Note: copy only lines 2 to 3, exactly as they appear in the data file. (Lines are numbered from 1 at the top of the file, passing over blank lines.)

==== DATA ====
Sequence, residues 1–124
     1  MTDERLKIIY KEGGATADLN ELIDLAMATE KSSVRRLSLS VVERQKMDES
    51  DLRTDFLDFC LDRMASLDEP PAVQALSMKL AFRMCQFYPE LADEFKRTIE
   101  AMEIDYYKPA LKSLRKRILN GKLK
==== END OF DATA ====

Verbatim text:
     1  MTDERLKIIY KEGGATADLN ELIDLAMATE KSSVRRLSLS VVERQKMDES
    51  DLRTDFLDFC LDRMASLDEP PAVQALSMKL AFRMCQFYPE LADEFKRTIE